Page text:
Those submitting will also be required to address the following: BRT Station Form Standards governing basic station form, placement, and fundamental urban elements to ensure that all stations complement neighboring amenities and the street;  Written Materials Standards including transit maps, points of interest or wayfinding maps, and information display; Street Standards defining design attributes and geometries that balance the needs of motorists, pedestrians, bicyclists, and transit riders while promoting a vital public realm; Landscape Standards defining plantings, materials and other elements to be employed to create high-quality environments, provide shade, and create safe, aesthetically pleasing buffers between pedestrian and vehicular spaces.
The BRT zones that will addressed by this study will include the following:

Route 110: LIRR Amityville Station; Ritter Avenue; Allen Boulevard; Grumman Lane; LIRR Republic; Station/East-Farmingdale TOD; Smith Street/Farmingdale State College; Walt Whitman Road; Huntington Quadrangle; Pinelawn Road; Melville Mall; Walt Whitman Shops.

Nicolls Road: LIRR Patchogue Station; Downtown Patchogue; St. Joseph’s College; Gateway Plaza; Springmeadow Drive; Downtown Holbrook; Ronkonkoma Hub; LIRR Ronkonkoma Station/MacArthur Airport; Suffolk County Community College; Hammond Road; Pond Path; Oxhead Road/Sycamore Drive; Stony Brook University Cancer Center; Stony Brook University Hospital; Stony Brook University; LIRR Stony Brook Station.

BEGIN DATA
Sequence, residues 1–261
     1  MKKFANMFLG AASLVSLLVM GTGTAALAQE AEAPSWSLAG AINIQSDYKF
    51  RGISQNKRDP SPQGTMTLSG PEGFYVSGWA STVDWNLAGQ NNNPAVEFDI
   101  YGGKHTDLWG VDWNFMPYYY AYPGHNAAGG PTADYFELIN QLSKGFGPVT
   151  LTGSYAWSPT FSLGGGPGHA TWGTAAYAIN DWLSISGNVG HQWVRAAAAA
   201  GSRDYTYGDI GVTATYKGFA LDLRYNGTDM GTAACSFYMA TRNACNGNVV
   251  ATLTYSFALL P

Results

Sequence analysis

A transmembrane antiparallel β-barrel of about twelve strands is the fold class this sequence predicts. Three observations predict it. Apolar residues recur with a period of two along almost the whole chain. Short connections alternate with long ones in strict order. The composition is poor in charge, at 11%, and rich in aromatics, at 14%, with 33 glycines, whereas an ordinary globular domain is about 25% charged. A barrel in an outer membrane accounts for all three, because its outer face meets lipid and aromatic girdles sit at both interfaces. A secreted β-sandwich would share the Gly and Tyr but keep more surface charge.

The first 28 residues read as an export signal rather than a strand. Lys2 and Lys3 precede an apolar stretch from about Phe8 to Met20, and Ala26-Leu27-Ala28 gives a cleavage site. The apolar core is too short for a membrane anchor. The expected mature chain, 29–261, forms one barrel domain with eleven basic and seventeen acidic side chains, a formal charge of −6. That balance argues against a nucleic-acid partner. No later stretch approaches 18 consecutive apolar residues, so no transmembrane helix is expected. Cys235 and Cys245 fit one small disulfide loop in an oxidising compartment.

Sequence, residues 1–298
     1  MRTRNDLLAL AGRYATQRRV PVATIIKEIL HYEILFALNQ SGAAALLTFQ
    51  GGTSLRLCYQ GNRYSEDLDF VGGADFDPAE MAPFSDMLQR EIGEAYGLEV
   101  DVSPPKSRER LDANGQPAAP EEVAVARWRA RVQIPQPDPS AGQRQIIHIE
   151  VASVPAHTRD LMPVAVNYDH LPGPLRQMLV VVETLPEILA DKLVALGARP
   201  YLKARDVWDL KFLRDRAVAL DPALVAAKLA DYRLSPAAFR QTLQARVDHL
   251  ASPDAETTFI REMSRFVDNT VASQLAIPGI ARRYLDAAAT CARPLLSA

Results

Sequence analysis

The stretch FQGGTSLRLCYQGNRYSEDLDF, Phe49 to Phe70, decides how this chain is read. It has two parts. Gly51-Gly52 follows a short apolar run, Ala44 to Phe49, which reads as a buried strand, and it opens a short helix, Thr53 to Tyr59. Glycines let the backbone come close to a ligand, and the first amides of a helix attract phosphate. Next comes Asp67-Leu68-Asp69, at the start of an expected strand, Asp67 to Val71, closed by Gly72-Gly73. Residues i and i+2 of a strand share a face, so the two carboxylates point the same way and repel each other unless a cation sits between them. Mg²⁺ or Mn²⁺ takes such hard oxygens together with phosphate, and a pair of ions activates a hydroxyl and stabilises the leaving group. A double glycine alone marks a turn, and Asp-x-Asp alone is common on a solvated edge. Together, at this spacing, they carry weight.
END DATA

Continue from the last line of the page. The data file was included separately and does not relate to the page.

Required forms may be obtained at  The Full text of the RFP can be reviewed here.

Weekly Summer Street Fairs in Downtowns Across Long Island

The downtowns of Patchogue and Riverhead will once again host evening street fairs on Thursdays during the summer, alternating week that the events are hosted. Bay Shore will also be holding bi-weekly street fairs on Wednesdays.

ALIVE AFTER FIVE - Patchogue will host their 15th annual summer street fair, which was a Smart Growth Award recipient. There will be  six stages of live music and entertainment, more than 90 craft & retail vendors, 11 food trucks, children's activities and amusements, a Chinese auction and much more! The events will be held on July 20th, August 3rd, and August 17th, with a rain date of August 24th.

ALIVE ON 25 - Riverhead’s festival, modeled after the success of Patchogue’s annual event, includes a classic car show by the Peconic River, local wine and craft beer, free music, kids activates, street vendors, local restaurants and food trucks, and more.  The events will be held on July 27th, August 10th and August 24th, with a rain date of August 31st.

ALIVE BY THE BAY - Bay Shore will be hosting this event on Wednesday nights this summer on Main Street.  There will be live music, indoor & outdoor dining, local art, vendors, food trucks, beer, activities, fun for the kids and much more. The events will be held on Wednesday nights from 5:30PM-9PM on July 26th, August 9th, and August 23rd. Facebook page.